In 1895, the American poet, preacher and suffragist Mary Torrans Lathrap published a poem called "Judge Softly," which begins:
Pray, don't find fault with the man that limps
Or stumbles along the road.
Unless you have worn the moccasins he wears,
Or stumbled beneath the same load.
Lathrap's poem isn't well known today, but most people are familiar with the proverb it spawned: Before judging someone else, walk a mile in his or her shoes.
Kim Mergenthaler's life got a little easier after she met another mother who'd already "walked a mile in her shoes." Last February, Mergenthaler's 10-year-old son, Will, who is autistic, experienced what she called "a very traumatizing situation" at his school in Burlington. Will had had his "occasional ups and downs" in class, she said, but this time felt different. Fearing for her son's safety, Mergenthaler quickly pulled him out of school and opted to homeschool him instead.
Completing the necessary paperwork with the school district and the state wasn't difficult. But it soon dawned on Mergenthaler how many other responsibilities she hadn't anticipated.
"I realized I had to completely re-create a community, a support system, everything," Mergenthaler said. "I hadn't planned anything, and I was starting from scratch. So who could I call?"
Mergenthaler reached out to the Vermont Family Network, a Williston-based nonprofit which supports and advises families of children with special needs. There, a family support coordinator asked Mergenthaler if she'd be interested in talking to another Burlington mother who had faced similar challenges: Kele Bourdeau, whose 9-year-old son, Phineas, is also autistic.
Though Bourdeau doesn't homeschool her kids, the family support coordinator suspected that the two women might hit it off. She was right.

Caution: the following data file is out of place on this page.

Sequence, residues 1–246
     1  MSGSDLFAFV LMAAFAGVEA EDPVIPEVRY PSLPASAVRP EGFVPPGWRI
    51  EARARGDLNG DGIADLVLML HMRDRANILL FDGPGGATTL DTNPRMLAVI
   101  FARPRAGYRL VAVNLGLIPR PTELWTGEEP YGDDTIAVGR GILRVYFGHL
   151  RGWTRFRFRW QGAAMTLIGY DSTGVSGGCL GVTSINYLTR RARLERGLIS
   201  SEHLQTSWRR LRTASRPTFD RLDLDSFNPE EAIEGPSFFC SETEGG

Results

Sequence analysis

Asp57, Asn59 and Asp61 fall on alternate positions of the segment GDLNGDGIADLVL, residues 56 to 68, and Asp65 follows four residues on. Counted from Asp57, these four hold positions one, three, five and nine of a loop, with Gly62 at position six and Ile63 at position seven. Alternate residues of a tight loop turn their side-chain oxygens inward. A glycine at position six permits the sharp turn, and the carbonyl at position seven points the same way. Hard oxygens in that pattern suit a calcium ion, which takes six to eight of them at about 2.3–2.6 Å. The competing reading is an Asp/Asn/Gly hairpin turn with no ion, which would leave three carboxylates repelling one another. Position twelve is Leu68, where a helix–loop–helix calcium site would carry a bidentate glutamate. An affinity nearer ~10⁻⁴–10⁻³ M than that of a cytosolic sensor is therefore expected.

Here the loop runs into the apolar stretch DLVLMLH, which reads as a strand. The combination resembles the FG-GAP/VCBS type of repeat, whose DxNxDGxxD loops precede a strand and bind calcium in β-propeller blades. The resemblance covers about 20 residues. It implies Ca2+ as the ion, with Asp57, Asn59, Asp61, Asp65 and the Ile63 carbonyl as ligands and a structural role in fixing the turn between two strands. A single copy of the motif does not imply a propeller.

"The first time Kele and I talked, we were on the phone for an hour," Mergenthaler recalled. "Kele and I found that we were on the same page for so many things right from the start, and that was very encouraging."
Bourdeau remembered their first conversation somewhat differently. According to her, the two women chatted on the phone for two and a half hours. Like Mergenthaler, Bourdeau was pleased to connect with another mother who shared her parenting philosophy and approach to autism.
"It's so refreshing when you find someone else who doesn't want to 'fix' their child, but loves and supports them in any way they can," Bourdeau explained.
For parents of children with special needs, such as mental illness, genetic disorders or other lifelong conditions, feelings of uncertainty, fear, anxiety and isolation often can be eased by finding other parents who face similar challenges. Even compared with trained professionals, these parents often are the most educated, informed and experienced "experts" on their child's diagnosis, because they live with it 24-7.
That's the concept behind Parent Match, a program administered by the Vermont Family Network, which arranges free, one-to-one connections between the parents of children who have physical, mental, emotional or behavioral challenges. The goal is to provide the "referred parent," or parent seeking help, with a volunteer "support parent" who can offer guidance, encouragement and problem-solving skills to address the day-to-day challenges of parenting kids with special needs.
Jan Hancock is a Vermont Family Network family support consultant, who matches support parents with referred parents. Like all the family support consultants there, Hancock is herself the parent of a child with a special need; her son has mental health issues. Her coworkers include the parent of adopted immigrant children with traumatic upbringings, one whose child has Duchenne muscular dystrophy, and others whose kids have behavioral, emotional or learning disabilities. As Hancock put it, "We've all walked the walk."
Despite its name, the Parent Match program is available to anyone who has assumed the mantle of parenting a child with special needs, including grandparents, foster parents or other legal guardians.
Parent Match began as Parent to Parent of Vermont, a statewide organization founded in October 1987 by Nancy DiVenere. The Essex Junction mother, whose son, Brett, had suffered a birth injury, went on to cofound Parent to Parent USA, which now has chapters in 36 states. In 2008, Vermont Family Network incorporated Parent to Parent into its roster of programs.
As Hancock explained, Parent to Parent USA's nationwide database enables her to match referred parents in Vermont with support parents, regardless of where they live. Though most support parents and referred parents live in the same state — Mergenthaler and Bourdeau are only a two-minute drive from each other — sometimes it's difficult or impossible to find another family within Vermont whose child has the same disease or congenital condition.